The 13.30 from Inverness

The 13.30 from Inverness

The Rev. Dr. Hilary Oxford Smith

24 October 2014

There is something blissfully solitary about train journeys unless you feel minded to share stories with the traveller seated opposite who is, like you, bored with paperback melodramas, texting the world and fleeting fields.

I am not of that mind on the 13.30 from Inverness. The late afternoon landscape invites imaginings of toiling harvest workers gathering golden bales of hay, of ancient Celts standing in a stone circle as they watch the moon skim low over the hills like a great god visiting the earth, of King William the Lion’s army defending his Red Castle from Viking invaders. Brief encounters.

And then to Dundee, once described as the city of jam, jute and journalism and where the RRS Discovery, the Antarctic exploration vessel of Robert Falcon Scott and Ernest Shackleton was constructed in 1901. This magnificent ship is now anchored in a custom-made dock at Discovery Point on the Firth of Tay. She and her crew spent two years locked in sea ice in McMurdo Sound. Scott and Shackleton relocated the Southern Magnetic Pole and returned with the news that Antarctica was a continent.

Travelling by any method has its austere moments. It was the Italian poet, Cesar Pavese who mused, ‘…travelling is a brutality. It forces you to trust strangers and to lose sight of the familiar comfort of home and friends. You are constantly off balance. Nothing is yours except the essential things – air, sleep, dreams, the sea, the sky – all things tending towards the eternal or what we imagine of it.’

Luke was Paul’s travelling companion. Faith and patience must have been two of the many virtues this benign doctor and writer of stories was blessed with. Paul could be complex, volatile and difficult. On his mission he was tough and courageous and faced many challenges. Luke faced them too. As the old missionary neared the end of his life, with all his fellow travellers having deserted him or gone elsewhere, he poignantly wrote to Timothy, ‘only Luke is with me’.  

Another teller of tales, Robert Louis Stevenson believed that ‘we are all travellers in the wilderness of this world, and the best we can find in our travels is an honest friend’. He finally ended his sunset days with Fanny, his wife and soul mate, on the South Sea island of Samoa enjoying wine which he said was like bottled poetry.  

In the age of Ebola, there is a growing panic about leaving home shores for other shores. Even though medical staff and non-governmental humanitarian agencies have been working with the sick and the dying in West Africa for a long time, it has slowly dawned on the rest of the international community that this disease could be visited upon them. So now, politicians are on high alert, lining up to urge a greater response to this modern-day plague. The people are fearful and fear breeds fear.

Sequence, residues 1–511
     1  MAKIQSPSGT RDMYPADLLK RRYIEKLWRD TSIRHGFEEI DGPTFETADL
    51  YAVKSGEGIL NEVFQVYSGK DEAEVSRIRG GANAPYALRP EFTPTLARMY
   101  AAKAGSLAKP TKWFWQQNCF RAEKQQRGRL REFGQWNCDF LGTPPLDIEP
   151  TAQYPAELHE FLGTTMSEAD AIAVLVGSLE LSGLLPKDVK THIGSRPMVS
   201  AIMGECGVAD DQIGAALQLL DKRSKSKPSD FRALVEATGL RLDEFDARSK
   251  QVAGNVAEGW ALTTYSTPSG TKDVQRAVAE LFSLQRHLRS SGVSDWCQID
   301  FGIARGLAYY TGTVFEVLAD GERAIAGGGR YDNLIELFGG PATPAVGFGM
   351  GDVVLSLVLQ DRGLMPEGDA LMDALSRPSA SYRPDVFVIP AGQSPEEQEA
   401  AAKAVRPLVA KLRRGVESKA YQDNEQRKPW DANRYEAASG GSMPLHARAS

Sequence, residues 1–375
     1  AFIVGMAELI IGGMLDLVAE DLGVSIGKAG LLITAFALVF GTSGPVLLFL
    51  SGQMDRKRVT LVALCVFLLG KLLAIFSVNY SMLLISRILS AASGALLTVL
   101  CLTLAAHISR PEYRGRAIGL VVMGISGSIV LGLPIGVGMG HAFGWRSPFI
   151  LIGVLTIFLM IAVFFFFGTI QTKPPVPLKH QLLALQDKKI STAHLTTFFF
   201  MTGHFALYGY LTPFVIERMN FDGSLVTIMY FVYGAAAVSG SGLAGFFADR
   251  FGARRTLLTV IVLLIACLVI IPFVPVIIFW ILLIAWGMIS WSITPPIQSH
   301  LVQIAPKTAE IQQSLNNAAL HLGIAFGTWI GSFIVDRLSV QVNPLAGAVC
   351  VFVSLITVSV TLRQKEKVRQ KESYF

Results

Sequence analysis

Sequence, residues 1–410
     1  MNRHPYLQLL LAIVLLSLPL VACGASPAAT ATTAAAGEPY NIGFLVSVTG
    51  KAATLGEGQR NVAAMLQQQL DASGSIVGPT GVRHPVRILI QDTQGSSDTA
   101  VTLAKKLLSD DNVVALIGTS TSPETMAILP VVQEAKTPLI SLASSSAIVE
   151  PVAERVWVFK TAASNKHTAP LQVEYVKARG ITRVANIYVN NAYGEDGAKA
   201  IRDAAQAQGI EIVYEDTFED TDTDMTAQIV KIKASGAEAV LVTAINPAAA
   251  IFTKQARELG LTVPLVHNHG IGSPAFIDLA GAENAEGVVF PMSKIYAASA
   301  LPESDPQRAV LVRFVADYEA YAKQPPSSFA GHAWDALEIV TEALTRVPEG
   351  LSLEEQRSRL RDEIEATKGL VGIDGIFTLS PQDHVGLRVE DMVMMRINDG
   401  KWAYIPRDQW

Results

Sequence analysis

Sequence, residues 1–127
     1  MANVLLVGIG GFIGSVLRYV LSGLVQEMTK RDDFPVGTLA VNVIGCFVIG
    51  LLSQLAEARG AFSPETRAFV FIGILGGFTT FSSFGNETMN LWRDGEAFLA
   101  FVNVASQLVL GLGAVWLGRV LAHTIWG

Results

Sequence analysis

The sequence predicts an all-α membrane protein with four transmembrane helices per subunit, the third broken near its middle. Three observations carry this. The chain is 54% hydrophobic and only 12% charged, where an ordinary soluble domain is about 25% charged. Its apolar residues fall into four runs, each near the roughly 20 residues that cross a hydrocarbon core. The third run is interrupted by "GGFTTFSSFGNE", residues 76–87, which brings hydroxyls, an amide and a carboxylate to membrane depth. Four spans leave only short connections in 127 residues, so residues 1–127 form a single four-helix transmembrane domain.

American Dr. Kent Brantly contracted the Ebola virus while working in Liberia and survived to tell the tale. He will be returning to work there. ‘The Spirit that God has given us does not make us timid’ he said, quoting words from St. Paul. After all that he faced, it is remarkable that Paul was still able to write probably the most memorable description of love that exists.  

Globe-trotting is in the DNA of most New Zealanders. Emigration is the story of this land. People have travelled across many oceans to settle here and never leave, some leave and some return. It was emigrants from all over the world who helped to build the country’s railways through hostile and mountainous terrain, deep ravines, criss-crossed streambeds. What a titanic achievement.

One of the most breathtakingly beautiful railway journeys in the world is the Coastal Pacific from Picton to Christchurch in the South Island. I think that the poet and railway romantic, John Betjeman would have loved it. He ‘…was not one who stood with duffel bag, Penguin biscuit and fish-paste sandwiches on murky days at the ends of platforms taking down the numbers of locomotives…’[i] Betjeman travelled by train for the journey, not to get somewhere. This leisurely meander through an enchanted land of long white clouds is probably just long enough to still the ticking of the clock and time-travel to an older world. Air, sleep, dreams, sea, sky – all things tending towards the eternal or what we imagine of it.

©Hilary Oxford Smith

October 2014

 

[i] Jonathan Glancey, John Betjeman, On Trains (York: Methuen, 2006) p. vii

Image: The Jacobite train wending its way to Mallaig on the West Highland Line www.scotlandrailways.com